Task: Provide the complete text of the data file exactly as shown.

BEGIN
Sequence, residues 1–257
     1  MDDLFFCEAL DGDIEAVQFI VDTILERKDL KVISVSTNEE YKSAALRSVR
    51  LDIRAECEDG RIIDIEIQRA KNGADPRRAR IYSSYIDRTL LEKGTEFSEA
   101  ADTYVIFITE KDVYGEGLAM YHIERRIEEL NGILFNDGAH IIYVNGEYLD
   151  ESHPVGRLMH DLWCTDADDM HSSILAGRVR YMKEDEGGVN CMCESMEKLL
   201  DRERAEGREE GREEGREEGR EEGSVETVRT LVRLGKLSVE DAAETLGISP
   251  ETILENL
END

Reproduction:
Sequence, residues 1–257
     1  MDDLFFCEAL DGDIEAVQFI VDTILERKDL KVISVSTNEE YKSAALRSVR
    51  LDIRAECEDG RIIDIEIQRA KNGADPRRAR IYSSYIDRTL LEKGTEFSEA
   101  ADTYVIFITE KDVYGEGLAM YHIERRIEEL NGILFNDGAH IIYVNGEYLD
   151  ESHPVGRLMH DLWCTDADDM HSSILAGRVR YMKEDEGGVN CMCESMEKLL
   201  DRERAEGREE GREEGREEGR EEGSVETVRT LVRLGKLSVE DAAETLGISP
   251  ETILENL